Somme 100

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The Battle of the Somme raged for five bloody months, from 1 July to 18 November 1916. A joint operation between France and Britain, the unprecedented action was designed to finally end 18 months of deadlock in the trenches and to force the Germans back from the Western Front.

Somme Strategy

British military strategy was largely the work of Sir Douglas Haig and Sir Henry Rawlinson, commanders with no previous experience of planning such a huge offensive.

Enthused by Lord Kitchener’s recruitment campaign, newly recruited battalions of ‘Pals’ made up Britain’s volunteer army. They were trained and ready for action by the summer of 1916. British forces also included servicemen from Ireland, Newfoundland, Canada, West Indies, South Africa, India, Australia and New Zealand.

The First Day

On the first day of the battle, 57,470 British soldiers were injured and of them 19,240 died. This video from the Imperial War Museum shows a Battle of the Somme War Office film following British forces on the first day. Many now believe that a combination of misplaced optimism, flawed tactics and inadequate/defective weaponry characterised what was a battle of attrition, and a massacre.

Legacy of the Somme

By its close, this brutal and unforgettable battle had claimed 420,000 British, almost 200,000 French and 500,000 German lives. There were 1,300,000 casualties in total. The Allies had gained just six miles of territory and the First World War was to continue for another two long years.

There has been much debate about the strategy and legacy of the Battle of the Somme, but despite its devastating consequences it is considered by many to have been a significant step towards the Allies’ victory in 1918.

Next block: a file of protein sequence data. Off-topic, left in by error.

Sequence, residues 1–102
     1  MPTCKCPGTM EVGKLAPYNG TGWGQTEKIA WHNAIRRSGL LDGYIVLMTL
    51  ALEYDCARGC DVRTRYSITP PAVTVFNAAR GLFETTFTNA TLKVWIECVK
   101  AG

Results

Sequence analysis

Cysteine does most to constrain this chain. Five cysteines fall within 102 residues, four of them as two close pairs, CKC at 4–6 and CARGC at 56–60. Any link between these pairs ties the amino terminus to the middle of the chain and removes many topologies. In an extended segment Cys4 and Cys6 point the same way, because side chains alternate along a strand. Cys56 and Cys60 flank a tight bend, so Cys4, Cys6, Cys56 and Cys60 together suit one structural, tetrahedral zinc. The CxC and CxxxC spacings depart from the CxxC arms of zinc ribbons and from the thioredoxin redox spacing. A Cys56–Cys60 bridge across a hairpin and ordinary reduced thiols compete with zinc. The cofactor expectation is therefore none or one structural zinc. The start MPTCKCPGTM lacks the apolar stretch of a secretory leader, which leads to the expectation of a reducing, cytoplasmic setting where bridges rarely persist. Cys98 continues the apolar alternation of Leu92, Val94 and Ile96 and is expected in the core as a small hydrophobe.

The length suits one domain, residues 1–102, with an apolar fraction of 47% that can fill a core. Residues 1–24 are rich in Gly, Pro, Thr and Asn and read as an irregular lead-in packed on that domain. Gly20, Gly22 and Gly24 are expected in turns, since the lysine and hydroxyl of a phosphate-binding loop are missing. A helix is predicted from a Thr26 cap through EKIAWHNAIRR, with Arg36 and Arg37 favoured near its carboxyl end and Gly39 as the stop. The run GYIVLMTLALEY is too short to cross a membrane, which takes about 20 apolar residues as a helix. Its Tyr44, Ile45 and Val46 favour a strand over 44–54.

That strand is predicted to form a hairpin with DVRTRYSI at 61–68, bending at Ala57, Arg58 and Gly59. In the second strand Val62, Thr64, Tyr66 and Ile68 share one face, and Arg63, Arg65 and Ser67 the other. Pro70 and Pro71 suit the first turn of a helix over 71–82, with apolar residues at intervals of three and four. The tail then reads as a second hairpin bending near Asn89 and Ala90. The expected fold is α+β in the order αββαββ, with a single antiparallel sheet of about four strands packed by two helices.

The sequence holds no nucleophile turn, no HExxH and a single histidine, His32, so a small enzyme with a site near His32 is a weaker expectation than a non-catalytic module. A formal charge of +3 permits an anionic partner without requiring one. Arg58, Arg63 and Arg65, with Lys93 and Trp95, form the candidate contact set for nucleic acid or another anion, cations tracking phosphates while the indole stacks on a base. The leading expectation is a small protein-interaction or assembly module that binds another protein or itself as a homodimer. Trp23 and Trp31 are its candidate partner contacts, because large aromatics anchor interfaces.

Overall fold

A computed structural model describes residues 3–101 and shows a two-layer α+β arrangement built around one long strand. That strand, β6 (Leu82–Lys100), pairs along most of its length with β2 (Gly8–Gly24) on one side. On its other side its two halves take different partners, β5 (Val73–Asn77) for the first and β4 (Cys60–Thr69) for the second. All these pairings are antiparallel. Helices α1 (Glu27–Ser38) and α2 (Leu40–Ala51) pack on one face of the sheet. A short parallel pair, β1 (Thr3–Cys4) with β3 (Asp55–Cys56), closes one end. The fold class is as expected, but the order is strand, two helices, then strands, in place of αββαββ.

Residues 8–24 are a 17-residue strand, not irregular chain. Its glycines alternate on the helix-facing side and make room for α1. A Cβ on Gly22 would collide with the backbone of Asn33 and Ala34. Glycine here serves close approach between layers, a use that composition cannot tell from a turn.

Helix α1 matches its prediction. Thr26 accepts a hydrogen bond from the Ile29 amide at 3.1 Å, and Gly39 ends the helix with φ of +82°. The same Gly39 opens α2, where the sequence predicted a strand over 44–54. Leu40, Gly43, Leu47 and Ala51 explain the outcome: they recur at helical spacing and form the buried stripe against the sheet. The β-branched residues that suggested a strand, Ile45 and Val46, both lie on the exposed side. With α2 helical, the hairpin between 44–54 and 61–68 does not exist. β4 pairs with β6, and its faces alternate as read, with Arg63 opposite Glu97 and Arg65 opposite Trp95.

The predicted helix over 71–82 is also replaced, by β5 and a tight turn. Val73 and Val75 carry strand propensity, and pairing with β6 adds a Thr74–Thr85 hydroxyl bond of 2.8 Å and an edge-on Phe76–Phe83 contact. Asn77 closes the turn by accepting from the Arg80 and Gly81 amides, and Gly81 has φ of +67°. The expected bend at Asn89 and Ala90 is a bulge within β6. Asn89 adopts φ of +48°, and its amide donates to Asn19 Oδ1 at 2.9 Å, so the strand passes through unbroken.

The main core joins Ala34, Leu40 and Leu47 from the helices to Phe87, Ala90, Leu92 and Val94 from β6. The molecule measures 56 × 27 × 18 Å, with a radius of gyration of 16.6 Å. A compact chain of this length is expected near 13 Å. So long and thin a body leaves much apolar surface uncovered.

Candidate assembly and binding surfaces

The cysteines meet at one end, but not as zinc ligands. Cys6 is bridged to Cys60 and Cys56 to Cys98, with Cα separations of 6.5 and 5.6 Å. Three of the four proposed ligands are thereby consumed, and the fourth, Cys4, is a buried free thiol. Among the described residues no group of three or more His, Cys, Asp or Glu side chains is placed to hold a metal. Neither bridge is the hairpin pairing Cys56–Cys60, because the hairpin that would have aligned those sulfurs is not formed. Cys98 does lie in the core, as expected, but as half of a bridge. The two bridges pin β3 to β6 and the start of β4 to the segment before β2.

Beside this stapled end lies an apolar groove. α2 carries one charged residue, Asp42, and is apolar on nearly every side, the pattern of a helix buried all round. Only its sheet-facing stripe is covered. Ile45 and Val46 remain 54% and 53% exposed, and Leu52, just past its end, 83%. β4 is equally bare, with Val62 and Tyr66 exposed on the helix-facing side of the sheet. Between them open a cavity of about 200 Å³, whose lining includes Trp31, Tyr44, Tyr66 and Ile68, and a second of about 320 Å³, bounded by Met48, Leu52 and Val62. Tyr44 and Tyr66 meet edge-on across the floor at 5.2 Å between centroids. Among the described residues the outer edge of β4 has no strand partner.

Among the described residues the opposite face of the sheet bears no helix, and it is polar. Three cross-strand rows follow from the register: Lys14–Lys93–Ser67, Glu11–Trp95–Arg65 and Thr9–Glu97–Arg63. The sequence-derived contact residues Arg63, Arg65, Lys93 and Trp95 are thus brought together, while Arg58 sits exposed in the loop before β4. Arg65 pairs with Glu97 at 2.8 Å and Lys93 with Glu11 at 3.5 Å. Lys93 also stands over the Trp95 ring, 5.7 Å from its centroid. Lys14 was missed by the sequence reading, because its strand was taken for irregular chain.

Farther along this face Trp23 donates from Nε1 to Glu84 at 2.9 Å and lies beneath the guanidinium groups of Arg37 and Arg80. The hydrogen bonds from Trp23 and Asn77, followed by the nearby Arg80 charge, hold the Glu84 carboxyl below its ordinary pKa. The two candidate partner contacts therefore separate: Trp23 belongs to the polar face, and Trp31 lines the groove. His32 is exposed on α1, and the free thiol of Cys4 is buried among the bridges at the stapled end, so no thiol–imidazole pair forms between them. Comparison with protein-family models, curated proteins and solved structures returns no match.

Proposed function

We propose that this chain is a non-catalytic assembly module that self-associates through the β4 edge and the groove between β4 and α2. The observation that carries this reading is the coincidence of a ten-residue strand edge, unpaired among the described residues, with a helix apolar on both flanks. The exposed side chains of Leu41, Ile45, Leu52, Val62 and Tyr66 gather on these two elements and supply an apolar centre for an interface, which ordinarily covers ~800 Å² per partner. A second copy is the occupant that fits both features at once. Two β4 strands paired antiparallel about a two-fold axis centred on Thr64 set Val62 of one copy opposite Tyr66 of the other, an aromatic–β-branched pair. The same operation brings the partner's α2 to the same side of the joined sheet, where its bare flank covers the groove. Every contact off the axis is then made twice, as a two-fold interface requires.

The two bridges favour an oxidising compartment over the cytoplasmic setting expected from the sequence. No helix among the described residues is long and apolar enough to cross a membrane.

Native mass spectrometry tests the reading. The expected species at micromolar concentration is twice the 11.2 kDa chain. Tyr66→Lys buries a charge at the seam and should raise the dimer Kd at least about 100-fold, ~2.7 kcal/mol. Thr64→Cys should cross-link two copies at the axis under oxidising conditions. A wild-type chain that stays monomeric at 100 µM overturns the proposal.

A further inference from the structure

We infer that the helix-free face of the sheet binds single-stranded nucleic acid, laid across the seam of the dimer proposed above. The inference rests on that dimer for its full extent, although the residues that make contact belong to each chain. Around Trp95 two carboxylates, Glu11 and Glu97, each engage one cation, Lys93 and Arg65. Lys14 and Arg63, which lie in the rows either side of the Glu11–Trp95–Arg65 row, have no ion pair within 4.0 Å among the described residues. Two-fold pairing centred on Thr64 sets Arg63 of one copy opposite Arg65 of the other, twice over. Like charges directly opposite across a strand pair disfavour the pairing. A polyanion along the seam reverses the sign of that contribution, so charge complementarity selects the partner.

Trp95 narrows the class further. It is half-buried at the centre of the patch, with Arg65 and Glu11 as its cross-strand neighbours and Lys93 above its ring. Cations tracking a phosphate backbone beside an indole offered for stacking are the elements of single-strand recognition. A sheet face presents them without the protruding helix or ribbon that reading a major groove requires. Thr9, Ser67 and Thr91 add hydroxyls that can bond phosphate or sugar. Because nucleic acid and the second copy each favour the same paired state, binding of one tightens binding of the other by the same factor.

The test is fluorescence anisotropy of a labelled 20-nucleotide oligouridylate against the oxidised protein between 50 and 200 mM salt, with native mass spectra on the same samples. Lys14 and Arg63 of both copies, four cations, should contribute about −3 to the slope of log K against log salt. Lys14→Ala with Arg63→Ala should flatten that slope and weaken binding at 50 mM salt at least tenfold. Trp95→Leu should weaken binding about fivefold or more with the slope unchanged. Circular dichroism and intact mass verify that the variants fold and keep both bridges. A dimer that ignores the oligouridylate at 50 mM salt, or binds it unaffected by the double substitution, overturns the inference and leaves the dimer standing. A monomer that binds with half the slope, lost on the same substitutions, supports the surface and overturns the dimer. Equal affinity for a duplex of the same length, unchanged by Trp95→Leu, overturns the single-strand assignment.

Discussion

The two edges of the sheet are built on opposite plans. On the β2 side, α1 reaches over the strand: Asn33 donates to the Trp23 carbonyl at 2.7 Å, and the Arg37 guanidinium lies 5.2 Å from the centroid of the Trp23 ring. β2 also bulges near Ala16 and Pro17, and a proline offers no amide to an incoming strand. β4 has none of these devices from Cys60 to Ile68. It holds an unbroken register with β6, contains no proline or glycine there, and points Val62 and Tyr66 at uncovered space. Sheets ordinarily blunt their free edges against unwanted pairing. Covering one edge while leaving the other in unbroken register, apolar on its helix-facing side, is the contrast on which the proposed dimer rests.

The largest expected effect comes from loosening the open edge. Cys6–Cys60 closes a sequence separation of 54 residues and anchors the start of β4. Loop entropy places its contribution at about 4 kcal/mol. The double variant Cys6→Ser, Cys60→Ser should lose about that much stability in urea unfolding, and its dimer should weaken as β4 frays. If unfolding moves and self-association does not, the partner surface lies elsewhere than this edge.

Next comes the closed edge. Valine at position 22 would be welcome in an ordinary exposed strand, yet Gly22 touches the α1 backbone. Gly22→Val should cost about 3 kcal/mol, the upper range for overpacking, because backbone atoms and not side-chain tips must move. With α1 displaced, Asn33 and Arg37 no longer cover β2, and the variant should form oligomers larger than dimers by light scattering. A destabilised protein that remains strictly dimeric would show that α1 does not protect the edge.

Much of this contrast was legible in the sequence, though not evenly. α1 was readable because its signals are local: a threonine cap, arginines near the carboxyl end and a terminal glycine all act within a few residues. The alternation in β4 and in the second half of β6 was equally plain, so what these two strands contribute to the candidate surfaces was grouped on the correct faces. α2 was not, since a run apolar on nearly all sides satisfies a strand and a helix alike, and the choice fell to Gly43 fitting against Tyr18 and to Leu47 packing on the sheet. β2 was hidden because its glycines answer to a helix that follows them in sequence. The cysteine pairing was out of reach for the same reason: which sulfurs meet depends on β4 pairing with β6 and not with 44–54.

To all of those who lost their lives in the Battle of the Somme, 1st July to 18th November 2016.

A poem written by Mr A Wilson, brother-in-law of Ray Whitewood who shared it with Step Short. Mr Whitewood is a veteran of the Fusiliers. His grandfather, James Albert Moore, died in the Great War.

Thousands of soldiers in meadow green
The biggest army the world has seen
I hope you died bravely I hope you died clean
All of you slaughtered in 1916

They killed their first foe with a bullet so true
They didn’t care and neither did you
The boy thought it was rain he felt on his face
But it was tears that were falling
For the whole human race

I hope you died bravely I hope you died clean
All of you slaughtered in 1916
The trains they are coming they all look the same
But for all of you waiting you all wait in vain

The biggest mass slaughter in 1916
Why did it happen nobody knows
The pain is intense it goes on and grows
It’s no good waiting for them to return
They won’t be back I just hope we learn

I hope you died bravely I hope you died clean
All of you slaughtered in 1916

Find out more about the Battle of the Somme and Centenary events on the British Legion website.

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